School is cool - No problems with homosexuality
Latoya Grindley, Staff Reporter
THE ISSUE of homosexual activities in secondary schools has risen to the forefront as one of the behavioural problems confronting school officials. There has been much debate over time, whether co-educational schools are more wholesome for children than same-sex institutions.
In this regard, many parents have also expressed concerns about their children's exposure to homosexuality in schools, and have carefully selected which school their children attend.
While trying to give some reassurance that homosexual engagements in schools are currently no cause for concern, president of the Jamaica Association of Principals of Secondary Schools, Sharon Reid, said the issue really is how the incidents are treated.
According to her, homosexuality, like bullyism, is just one of the behavioural problems that schools will inevitably face.
"Every school will have these problems but, as educators, we have to be careful how we deal with an issue like that and how we manage it."
Recognising that homosexuality has become more obvious in schools nowadays, Reid, who also serves as the principal of St Andrew High School for Girls, said the behaviour could be due to external influences.
"There is heightened interest because of what is happening in the world and the pressures from gay movements," she said, adding that the association is informing members on how best the issue of homosexuality can be dealt with.
Specifically, as it relates to the school she heads, the principal noted that the student handbook speaks to student intimacy. "The handbook points directly to abstinence and forbids student intimacy. As a Christian school, our students are urged to practise abstinence," she stressed.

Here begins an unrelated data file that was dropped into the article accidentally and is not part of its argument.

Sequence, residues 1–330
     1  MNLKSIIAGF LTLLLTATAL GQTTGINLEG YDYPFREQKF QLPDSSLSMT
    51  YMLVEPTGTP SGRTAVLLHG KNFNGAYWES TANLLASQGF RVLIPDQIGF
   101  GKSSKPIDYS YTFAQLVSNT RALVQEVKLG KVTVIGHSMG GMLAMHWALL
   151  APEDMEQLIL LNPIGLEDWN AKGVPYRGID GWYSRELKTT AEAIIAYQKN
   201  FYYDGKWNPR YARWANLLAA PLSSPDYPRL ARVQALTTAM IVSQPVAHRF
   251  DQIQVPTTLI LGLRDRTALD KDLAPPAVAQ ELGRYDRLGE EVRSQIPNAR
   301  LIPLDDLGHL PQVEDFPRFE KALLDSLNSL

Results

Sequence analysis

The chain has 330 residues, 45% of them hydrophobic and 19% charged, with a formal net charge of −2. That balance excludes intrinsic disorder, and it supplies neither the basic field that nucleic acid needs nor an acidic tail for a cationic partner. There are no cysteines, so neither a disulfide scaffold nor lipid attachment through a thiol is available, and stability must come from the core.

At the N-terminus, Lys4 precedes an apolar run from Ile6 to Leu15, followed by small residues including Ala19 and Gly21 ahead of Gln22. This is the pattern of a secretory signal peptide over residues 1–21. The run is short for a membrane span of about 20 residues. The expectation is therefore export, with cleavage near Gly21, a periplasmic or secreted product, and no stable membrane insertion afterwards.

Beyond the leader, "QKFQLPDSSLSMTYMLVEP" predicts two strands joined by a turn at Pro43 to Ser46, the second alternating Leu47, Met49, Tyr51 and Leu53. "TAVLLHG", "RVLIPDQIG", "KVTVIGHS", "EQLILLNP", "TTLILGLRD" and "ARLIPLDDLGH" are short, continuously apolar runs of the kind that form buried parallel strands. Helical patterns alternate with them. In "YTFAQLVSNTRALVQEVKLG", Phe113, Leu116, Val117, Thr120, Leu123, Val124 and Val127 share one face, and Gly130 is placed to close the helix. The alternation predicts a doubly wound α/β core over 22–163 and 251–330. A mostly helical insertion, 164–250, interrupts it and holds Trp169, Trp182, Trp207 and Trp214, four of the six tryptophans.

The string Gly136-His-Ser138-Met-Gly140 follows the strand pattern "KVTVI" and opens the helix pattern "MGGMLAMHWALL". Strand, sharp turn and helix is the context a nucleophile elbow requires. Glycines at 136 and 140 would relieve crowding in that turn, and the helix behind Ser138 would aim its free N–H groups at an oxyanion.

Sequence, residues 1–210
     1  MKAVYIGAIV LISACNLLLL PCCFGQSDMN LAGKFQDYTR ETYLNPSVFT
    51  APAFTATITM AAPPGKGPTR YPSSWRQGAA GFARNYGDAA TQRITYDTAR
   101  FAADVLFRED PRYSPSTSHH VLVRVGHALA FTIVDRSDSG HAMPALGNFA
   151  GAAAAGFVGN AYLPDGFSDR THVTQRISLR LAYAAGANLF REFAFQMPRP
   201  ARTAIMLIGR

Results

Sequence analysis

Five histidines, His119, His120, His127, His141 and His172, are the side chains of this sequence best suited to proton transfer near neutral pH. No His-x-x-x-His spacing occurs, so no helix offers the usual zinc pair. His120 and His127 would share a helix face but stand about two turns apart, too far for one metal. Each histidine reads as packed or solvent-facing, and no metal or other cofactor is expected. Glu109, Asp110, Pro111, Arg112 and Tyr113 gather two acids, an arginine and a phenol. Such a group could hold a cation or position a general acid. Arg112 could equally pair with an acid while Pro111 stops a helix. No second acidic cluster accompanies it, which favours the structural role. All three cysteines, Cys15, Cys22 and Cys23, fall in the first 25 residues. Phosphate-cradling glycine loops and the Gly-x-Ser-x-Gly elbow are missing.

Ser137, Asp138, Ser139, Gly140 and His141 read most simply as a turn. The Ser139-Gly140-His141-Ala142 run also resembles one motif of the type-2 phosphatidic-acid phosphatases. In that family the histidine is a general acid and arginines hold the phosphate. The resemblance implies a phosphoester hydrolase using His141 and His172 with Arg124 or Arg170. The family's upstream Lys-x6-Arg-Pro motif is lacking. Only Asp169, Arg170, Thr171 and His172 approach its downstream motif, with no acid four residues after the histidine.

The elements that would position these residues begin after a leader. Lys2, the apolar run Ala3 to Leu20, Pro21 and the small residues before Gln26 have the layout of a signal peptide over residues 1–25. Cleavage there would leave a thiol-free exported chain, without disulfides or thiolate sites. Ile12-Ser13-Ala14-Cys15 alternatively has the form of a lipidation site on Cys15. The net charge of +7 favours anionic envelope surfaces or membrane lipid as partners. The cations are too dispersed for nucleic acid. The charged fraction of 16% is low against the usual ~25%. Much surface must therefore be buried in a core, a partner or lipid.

To adequately deal with dysfunctional behaviour at the institution, Reid noted the importance of guidance counsellors. "We have guidance programmes which allow for discussions and reinforcement. And if at any time we have any information that a child is involved in certain activities, the parents will be called in."
She also emphasised the importance of educators being aware of issues affecting students and to be prepared to effectively deal with them.
"As educators, we have to inform ourselves, be alert as it relates to the changes around us and recognise the pressures affecting children. We have to be prepared to inform our students and be prepared to work with them."
Admitting that there are cases in which students are said to be involved in homosexual activities in schools, immediate past president of the Jamaica Teachers' Association, Paul Adams, indicated that each school has its unique way of dealing with these situations.
"There have been ongoing discussions between the Jamaica Teachers' Association and the Ministry of Education on the matter and if there is an interpretation that this is happening, we urge schools to take the necessary actions to protect children," he said.
Admitting that this is a sensitive issue, he said that educators have to be very careful how students are addressed and reprimanded. "We have to be careful so that we don't brand people's children. You won't find a policy specific to this kind of behaviour, but schools have to put in measures to stop any form of sexual activity whether normal or otherwise."
He has also urged parents to play their part in the event that their child is engaging in deviant activities or is being targeted. "If you have information that children are affected or targeted, you must first of all visit the school. Parents should express concern and this will facilitate an investigation."